With an eye toward potentially expanding their ranks in 2019, a coalition of 17 governors issued a guide aimed at helping new incoming governors establish climate-related resilience initiatives in their states.
A wave of new governors is taking office in early 2019, including newly elected Democratic governors in Wisconsin, Michigan, Illinois and New Mexico who, according to National Geographic, have pledged to join the U.S. Climate Alliance.
The alliance primarily aims to accelerate the transition to a low-carbon economy in lieu of federal action under the Trump administration. President Donald Trump has pledged to pull the U.S. from the Paris Agreement on climate change.
In addition to the New Governors' Resilience Playbook, the alliance issued playbooks prepared in coordination with the Rocky Mountain Institute and National Association of State Energy Officials that outline key ways states can grease the skids to deploy more solar and distributed generation. The recommendations for solar suggest that state and local agencies can improve policies and practices to reduce the administrative burden and transaction costs associated with solar installations, including in the areas of permitting and inspection, zoning and siting, municipal procurement and property taxes.
The resilience playbook, crafted with help from officials in 10 states and led by California and Massachusetts, contends that climate change poses a threat to state residents, economies and critical infrastructure.
"Whether you're responding to the effects of climate change or planning to withstand the next big natural disaster or utility cyber-attack, effective resiliency and preparedness efforts must be part of any governor's comprehensive plan," the playbook said.
The document lists 10 steps a new governor should take "early in his or her first year in office to kick-start long-term resiliency outcomes throughout the state," including through implementation and partnerships with agencies and the public sector.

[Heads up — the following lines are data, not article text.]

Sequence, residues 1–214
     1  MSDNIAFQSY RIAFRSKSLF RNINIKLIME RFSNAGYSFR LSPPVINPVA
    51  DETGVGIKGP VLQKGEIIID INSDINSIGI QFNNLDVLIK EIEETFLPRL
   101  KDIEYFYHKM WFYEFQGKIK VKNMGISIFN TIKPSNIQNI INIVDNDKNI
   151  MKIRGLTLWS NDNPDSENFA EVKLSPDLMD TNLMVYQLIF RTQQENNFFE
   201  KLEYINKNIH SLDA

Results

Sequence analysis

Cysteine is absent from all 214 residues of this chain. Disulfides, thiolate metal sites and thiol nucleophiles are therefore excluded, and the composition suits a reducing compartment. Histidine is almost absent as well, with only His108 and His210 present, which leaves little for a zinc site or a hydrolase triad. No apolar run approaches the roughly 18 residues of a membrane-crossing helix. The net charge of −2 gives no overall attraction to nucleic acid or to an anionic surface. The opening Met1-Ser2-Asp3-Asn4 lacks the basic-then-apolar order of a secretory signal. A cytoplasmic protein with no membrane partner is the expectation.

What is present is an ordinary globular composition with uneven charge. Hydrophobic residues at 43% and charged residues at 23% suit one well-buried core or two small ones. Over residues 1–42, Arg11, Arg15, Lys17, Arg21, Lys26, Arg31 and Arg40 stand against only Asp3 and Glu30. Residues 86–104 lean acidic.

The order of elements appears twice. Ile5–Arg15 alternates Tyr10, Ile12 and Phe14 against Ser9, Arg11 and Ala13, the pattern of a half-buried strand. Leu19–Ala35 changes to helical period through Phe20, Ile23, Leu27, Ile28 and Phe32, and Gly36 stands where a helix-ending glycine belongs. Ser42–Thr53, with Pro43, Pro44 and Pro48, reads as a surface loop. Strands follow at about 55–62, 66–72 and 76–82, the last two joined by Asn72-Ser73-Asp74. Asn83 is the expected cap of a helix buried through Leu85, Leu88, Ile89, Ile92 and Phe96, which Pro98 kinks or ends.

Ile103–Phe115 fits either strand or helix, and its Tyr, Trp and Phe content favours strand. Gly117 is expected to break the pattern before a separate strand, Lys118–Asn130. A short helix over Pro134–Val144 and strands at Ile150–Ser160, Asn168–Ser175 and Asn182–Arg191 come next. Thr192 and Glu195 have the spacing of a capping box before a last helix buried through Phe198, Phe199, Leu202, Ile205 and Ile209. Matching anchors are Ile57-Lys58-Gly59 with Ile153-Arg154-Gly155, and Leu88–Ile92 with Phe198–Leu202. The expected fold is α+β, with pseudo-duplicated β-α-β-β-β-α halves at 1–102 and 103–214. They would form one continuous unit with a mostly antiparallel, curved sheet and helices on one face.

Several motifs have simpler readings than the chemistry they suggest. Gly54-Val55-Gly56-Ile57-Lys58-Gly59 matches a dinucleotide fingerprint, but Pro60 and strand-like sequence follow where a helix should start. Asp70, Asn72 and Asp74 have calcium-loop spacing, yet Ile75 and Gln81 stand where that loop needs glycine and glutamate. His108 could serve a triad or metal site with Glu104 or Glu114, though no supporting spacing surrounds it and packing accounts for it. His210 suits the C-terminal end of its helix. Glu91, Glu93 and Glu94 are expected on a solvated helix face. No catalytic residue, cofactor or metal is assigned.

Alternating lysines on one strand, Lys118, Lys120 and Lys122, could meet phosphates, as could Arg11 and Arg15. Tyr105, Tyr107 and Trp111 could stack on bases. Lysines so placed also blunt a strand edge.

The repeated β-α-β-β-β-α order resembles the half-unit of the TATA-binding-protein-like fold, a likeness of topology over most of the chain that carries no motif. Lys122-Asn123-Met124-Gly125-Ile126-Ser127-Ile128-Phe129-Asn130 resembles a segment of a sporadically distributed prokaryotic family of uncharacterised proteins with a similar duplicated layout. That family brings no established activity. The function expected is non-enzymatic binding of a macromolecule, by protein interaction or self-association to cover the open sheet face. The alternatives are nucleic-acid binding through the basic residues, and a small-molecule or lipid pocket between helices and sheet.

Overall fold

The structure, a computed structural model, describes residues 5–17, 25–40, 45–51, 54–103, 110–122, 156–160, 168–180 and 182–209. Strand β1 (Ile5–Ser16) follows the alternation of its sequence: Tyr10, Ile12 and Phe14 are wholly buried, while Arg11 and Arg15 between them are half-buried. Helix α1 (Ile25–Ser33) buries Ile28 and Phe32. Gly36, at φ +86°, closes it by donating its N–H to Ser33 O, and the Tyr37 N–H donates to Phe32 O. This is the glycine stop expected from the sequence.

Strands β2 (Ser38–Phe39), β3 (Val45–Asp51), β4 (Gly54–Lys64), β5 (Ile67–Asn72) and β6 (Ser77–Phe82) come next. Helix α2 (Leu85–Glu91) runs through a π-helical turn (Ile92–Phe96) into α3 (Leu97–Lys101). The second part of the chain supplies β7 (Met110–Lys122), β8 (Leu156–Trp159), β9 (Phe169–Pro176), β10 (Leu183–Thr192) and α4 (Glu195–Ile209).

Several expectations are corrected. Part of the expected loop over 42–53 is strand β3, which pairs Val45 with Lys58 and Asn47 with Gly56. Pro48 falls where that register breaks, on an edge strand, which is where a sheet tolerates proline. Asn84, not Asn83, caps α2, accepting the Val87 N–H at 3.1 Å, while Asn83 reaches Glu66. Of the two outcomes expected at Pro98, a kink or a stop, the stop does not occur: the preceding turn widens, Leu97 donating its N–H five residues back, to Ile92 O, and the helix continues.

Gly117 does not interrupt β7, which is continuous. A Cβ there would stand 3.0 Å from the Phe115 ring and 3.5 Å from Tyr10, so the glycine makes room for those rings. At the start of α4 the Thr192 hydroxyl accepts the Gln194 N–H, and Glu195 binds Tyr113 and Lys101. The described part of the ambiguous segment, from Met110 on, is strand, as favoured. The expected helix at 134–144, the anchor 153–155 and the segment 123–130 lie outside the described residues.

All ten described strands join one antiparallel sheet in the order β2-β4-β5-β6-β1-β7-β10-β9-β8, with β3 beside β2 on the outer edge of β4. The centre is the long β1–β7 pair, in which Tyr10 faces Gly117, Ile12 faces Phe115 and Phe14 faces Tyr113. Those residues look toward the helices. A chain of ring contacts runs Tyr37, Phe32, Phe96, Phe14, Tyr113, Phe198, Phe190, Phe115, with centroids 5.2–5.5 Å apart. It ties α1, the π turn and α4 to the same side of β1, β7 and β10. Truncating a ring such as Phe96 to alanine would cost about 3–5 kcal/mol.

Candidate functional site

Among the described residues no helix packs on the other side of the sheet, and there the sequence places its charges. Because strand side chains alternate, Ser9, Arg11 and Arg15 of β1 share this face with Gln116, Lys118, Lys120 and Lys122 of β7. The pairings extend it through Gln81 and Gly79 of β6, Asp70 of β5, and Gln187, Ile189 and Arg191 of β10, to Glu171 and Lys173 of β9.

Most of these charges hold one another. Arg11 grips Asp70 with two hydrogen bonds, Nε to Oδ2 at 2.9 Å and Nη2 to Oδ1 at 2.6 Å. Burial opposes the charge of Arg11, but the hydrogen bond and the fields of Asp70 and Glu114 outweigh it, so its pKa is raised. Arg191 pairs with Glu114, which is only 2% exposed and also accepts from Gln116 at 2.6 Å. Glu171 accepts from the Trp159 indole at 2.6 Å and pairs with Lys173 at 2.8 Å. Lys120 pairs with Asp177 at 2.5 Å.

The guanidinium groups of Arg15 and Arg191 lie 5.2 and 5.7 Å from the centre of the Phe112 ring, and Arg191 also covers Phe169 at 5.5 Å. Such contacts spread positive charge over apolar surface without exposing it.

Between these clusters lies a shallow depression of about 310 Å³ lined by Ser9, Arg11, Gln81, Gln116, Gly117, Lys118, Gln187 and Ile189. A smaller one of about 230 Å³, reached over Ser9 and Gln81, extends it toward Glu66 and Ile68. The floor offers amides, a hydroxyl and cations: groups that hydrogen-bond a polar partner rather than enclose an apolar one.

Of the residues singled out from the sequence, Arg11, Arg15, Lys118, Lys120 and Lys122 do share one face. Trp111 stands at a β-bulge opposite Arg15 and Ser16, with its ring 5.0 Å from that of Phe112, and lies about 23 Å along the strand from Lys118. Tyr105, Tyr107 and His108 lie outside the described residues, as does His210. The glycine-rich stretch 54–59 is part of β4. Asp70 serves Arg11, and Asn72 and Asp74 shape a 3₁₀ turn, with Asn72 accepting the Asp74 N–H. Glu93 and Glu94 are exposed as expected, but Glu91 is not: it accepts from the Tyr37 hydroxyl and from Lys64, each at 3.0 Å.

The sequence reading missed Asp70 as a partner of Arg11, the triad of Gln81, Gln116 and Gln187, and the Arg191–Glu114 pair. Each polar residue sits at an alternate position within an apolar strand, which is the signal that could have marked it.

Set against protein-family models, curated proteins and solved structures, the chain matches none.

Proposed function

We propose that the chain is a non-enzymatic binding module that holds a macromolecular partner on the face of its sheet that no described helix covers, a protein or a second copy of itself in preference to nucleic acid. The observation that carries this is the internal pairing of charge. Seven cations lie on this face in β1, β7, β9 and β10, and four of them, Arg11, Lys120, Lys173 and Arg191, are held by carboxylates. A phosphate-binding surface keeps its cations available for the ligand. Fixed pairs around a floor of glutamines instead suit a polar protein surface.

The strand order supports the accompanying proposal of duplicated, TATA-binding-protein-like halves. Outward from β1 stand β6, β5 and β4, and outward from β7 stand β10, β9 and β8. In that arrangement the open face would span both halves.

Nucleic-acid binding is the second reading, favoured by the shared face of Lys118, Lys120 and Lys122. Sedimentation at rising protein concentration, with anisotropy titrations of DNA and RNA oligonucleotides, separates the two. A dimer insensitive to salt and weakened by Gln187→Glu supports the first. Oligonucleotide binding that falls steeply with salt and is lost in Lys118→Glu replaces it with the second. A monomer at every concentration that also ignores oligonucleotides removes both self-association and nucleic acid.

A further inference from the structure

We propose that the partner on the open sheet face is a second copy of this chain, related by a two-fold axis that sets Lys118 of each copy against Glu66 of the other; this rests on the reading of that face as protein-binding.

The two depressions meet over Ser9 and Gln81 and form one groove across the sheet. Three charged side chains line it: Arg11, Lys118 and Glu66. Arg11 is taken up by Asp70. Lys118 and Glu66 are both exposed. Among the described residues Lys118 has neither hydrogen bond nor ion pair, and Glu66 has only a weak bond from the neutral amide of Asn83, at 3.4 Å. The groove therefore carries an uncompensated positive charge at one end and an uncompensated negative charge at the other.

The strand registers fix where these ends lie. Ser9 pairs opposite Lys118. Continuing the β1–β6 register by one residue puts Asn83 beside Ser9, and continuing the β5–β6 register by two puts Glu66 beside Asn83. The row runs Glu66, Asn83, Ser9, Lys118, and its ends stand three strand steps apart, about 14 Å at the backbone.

For starters, the governor during the transition should assess whether the state has already completed a comprehensive resilience plan or climate risk assessment. If those plans or assessments have been done, the governor could build on the effort by developing a priority work plan to accelerate implementation.
Second, the governor should raise resilience issues in the first State of the State address. If governors want to start slow or do not want to raise the issue immediately, they could create a task force or ask the business community to conduct an economic study to frame the long-term scale of the problem.
Next, the governor should create a center of gravity in the state to drive the work, which could be through creating a resilience cabinet, designating a lead agency or appointing of a chief resilience officer. The governor should look to develop good data on state disasters, threats, hazards, funding needs and avoided costs and perform a risk assessment.
"You can't mitigate what you don't measure — so find out exactly what your state's climate future looks like," the playbook said.
The playbook noted that much of the actual resilience work will happen at the local level, but governors can help encourage state and local communities to work on planning and implementation.
Another key step is to leverage state spending such as local assistance funding, infrastructure expenditures and permitting to support the state's resilience goals. For example, governors can make grants available to municipalities on the condition that they undertake some sort of climate adaptation or mitigation plan or improve asset management processes, the playbook said. It noted that Maryland provides grants to help local governments incorporate consideration of sea-level rise and changing precipitation into local plans, ordinances and local programs through its CoastSmart Community Resilience Program.
Governors should never let a crisis go to waste, the playbook said. "When your state gets hit with its first resilience crisis or natural disaster, be ready to not just respond but to also build state resilience for the next disaster with an action plan in your bottom drawer," it said.
The alliance announced Dec. 12 that it is forming an Impact Partnership to work with private-sector partners to provide targeted technical assistance to states to achieve their most ambitious climate and clean energy priorities. The alliance offered few additional details about the new partnership, but conservation groups American Forests and the World Resources Institute have indicated they are participating in the new initiative.